Apr 05 - Nick and Joe's Risky Endeavour

April 5, 2015

Nick and Joe's Risky Endeavour

 

Nick and Joe’s Risky Endevour
April 5th, 2015

I’m not sure what brought you to church this morning.  Maybe you’re here because you are doing a special favour for a family member or friend.  Maybe you’re here because you want to honour your Christian heritage on one of its most important holy days.  Maybe you’re here because you regularly attend church and this is important to your faith.  Maybe you’re here because you’re trying to figure out if there really is a God and if so, how the life and teaching of Jesus may relate to God’s existence.

Whatever the case, I’m glad you’re here and hope and pray that something that is said or sung or prayed this morning that will be of interest and value to you.  

One of the reasons why Easter is such a big deal for Christians is because the truth of the entire Christian faith hinges on the one single event that took place on this day nearly 2,000 years ago.  

The truth of the Christians faith doesn’t hinge primarily on the Bible.  It doesn’t even hinge primarily on Jesus’ teaching.  And, as important as it is, it doesn’t even hinge primarily on Jesus execution on a cross.

The truth or falsehood of the Christian faith hinges first and foremost on whether or not the resurrection of Jesus was an actual historical event.  If Jesus actually rose from the dead it validates the significance of what he said and did and who he claimed to be.  

In the words of the late Christian apologist, Henry Morris:

If the resurrection (of Jesus) did not take place, then Christianity is a false religion.  If it did take place, then … the Christian faith is absolute truth.                Henry Morris

Because of what Jesus had done and taught, there were two groups of Jewish religious leaders that wanted Jesus dead – the Pharisees and the Sadducees, within the last group, the family of the high priest in particular.  These two groups also made up the highest Jewish court located in Jerusalem, called the Sanhedrin.

And those two groups had one main reason for wanting him dead.

He challenged their authority and predicted their demise.  For example, Jesus condemned the Pharisees publicly for their teaching which made it more and more difficult for the average person to come to God, for wanting to be treated with special honour, for their showy demeanor when it came to giving to the poor, for their judgmental spirit.  He warned people not to follow their teaching.  And a constant refrain when speaking to them directly was …

 … not something that would be very endearing.

And he didn’t deal any less harsh with the high priestly family, who were getting rich, in part by allowing the animal merchants and money changers a place within the temple courts, something that was looked down upon by most of the Jewish populace.  

When Jesus overturned the tables of the money changers and drove the animals of the merchants out of the temple court with a whip, his accusation was directed squarely at the high priest and his family:

When Jesus taught about the vineyard and its wicked tenants, a traditional picture of the nation of Israel and its spiritual leaders, he clearly indicated that these leaders will be destroyed by God for their actions:


Or the day the beauty and grandeur of the temple structures were pointed out to Jesus, his reply was:  

This too was a prediction about a judgment that would come upon the temple as God’s punishment for the corruption that was there.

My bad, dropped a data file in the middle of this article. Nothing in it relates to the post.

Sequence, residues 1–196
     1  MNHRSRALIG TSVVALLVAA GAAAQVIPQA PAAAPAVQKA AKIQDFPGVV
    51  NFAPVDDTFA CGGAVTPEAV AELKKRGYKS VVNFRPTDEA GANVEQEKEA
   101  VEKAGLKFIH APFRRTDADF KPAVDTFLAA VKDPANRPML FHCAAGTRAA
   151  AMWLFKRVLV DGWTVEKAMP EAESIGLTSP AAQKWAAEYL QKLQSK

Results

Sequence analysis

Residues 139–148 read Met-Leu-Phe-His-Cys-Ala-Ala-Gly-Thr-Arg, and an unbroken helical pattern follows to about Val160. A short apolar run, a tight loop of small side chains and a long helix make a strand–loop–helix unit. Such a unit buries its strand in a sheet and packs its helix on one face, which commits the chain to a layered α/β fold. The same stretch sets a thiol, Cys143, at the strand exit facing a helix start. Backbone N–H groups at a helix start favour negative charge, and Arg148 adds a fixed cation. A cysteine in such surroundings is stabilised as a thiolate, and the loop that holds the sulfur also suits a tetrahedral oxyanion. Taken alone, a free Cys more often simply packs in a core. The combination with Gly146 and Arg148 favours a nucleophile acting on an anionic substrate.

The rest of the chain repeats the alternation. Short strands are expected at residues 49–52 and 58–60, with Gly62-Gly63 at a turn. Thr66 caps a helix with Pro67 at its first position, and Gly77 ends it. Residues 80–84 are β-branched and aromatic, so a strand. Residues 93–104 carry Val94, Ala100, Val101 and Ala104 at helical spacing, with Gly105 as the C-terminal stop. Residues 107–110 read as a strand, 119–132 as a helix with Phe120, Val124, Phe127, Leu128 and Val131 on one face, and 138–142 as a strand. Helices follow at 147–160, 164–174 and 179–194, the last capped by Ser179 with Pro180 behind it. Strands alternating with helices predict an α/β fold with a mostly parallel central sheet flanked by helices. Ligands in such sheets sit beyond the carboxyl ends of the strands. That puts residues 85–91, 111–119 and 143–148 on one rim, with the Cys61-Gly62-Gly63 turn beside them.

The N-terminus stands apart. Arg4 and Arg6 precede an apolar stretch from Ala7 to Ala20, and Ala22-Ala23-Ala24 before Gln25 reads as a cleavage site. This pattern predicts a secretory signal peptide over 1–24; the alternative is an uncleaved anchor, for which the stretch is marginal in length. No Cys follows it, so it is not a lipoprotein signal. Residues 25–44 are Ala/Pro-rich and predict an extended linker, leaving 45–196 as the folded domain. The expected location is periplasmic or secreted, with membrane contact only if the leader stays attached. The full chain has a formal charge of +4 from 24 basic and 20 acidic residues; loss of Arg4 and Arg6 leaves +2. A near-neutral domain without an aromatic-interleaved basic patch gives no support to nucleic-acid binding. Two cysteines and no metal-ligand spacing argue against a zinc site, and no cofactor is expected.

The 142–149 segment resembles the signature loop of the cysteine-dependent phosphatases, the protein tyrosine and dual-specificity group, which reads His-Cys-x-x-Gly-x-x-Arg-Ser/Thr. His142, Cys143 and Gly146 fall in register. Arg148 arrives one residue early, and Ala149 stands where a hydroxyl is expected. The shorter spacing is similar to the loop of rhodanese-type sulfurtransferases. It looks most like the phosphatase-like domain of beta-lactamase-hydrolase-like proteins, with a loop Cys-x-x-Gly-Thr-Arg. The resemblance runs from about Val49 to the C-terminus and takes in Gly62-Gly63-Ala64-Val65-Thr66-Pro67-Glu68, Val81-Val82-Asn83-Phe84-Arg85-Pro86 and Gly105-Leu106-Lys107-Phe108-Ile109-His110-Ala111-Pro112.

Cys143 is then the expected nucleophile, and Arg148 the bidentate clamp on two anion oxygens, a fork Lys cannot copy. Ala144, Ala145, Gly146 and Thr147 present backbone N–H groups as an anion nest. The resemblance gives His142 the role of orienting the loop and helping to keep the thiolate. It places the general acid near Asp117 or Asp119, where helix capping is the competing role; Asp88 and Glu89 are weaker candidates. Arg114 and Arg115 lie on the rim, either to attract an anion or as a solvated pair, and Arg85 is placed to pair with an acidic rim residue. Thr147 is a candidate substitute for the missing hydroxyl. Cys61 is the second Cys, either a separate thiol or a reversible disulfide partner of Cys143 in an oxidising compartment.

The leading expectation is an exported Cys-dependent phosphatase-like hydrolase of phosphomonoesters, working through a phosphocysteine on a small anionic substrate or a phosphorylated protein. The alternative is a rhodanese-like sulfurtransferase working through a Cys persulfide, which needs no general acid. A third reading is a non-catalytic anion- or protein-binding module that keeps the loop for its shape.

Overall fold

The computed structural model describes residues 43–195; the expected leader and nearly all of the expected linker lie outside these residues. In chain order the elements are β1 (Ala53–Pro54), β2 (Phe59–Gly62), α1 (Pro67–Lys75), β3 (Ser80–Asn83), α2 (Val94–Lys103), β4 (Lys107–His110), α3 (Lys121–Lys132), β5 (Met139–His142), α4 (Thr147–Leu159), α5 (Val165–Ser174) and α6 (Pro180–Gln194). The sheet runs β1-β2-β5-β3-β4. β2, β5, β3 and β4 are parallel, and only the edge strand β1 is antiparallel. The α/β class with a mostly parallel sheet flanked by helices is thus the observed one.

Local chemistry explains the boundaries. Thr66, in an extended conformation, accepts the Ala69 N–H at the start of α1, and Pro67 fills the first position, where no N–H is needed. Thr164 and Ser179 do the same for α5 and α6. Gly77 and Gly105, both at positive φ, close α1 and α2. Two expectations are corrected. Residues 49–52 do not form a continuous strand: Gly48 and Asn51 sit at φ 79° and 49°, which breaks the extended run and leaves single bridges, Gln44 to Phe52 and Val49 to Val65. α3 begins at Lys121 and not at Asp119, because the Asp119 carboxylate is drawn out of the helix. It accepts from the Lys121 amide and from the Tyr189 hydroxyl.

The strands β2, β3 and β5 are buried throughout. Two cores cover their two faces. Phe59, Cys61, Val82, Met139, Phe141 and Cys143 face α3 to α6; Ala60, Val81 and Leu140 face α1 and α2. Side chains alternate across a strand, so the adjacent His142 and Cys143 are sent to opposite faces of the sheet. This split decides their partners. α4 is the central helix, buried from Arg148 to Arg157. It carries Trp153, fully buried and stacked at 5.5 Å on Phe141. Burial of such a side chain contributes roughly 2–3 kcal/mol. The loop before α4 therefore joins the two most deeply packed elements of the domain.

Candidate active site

All of this wouldn’t have been all that bad had Jesus not been popular with the people.  His entrance into Jerusalem on Palm Sunday, just a week ago, was accompanied by a large crowd shouting out that Jesus was the long-awaited Messiah.  As such, he posed a real threat to the religious leaders because he could ask a large number of people to get rid of them or he could draw a violent response from Rome which may have a profound negative impact on all of the Jewish leaders.

This was the reason why the temple guards, a small armed number of Jewish soldiers who were under the commandment of the high priests, were sent out to arrest Jesus at night when he was not surrounded by a crowd.  

It is why Jesus was tried during the night in a secret and illegal court case by the Sanhedrin and condemned to death.  

It is why these very same leaders dragged him to the Roman governor, Pilate, to have him charged with fomenting a revolt against Rome.  

It is why the high priest riled up the crowd to call for the release of a highway robber and murderer (Luke 23:25), Barabbas, rather than have Jesus pardoned (Mark 15:11). 

It is why one of these religious leaders shouted to Pilate that he wasn’t a friend of the Roman emperor should he release Jesus since Jesus claimed to be the messianic king in the line of David (John 19:12), enough of a threat that Pilate finally relented and condemned Jesus to be crucified.  

Despite this overwhelming hatred toward Jesus by the vast majority of the religious leaders, there were a small number of individuals among the Pharisees who had covert sympathies for Jesus, believing him to be someone who was sent from God.  However, they knew that to publicly associate with Jesus would be extremely dangerous for themselves.  

At one time, this small group sent a spokesperson called Nicodemus to Jesus in the dead of night so no one would know about it.  Nicodemus was not only a Pharisee, but he was also part of the Sanhedrin (John 3:1).  We know he represented a group because of what he initially said to Jesus:

Rabbi, we know that you are a teacher who came from God because no one can do the miracles you do unless God is with him. 
John 3:2  

Now Nicodemus never actually asks a question here.  He makes a statement about Jesus – the fact that there is a group of religious leaders who have been watching Jesus and who have come to the conclusion that Jesus’ teaching is from God because if that wasn’t the case, he would not have been able to perform the healings and exorcisms that he did.

Yet Jesus replies to that statement as if Nicodemus asked him the same question that the rich young ruler did, which was, “what must I do to inherit the kingdom of God.”  In other words, “how do I know that I am right with God?” Or, “is there any way, in this life, that I can have some kind of assurance that I’m God’s child, that he loves me, and accepts me?”

This is probably one of the most fundamental questions that you could ask if you believe in the existence of God.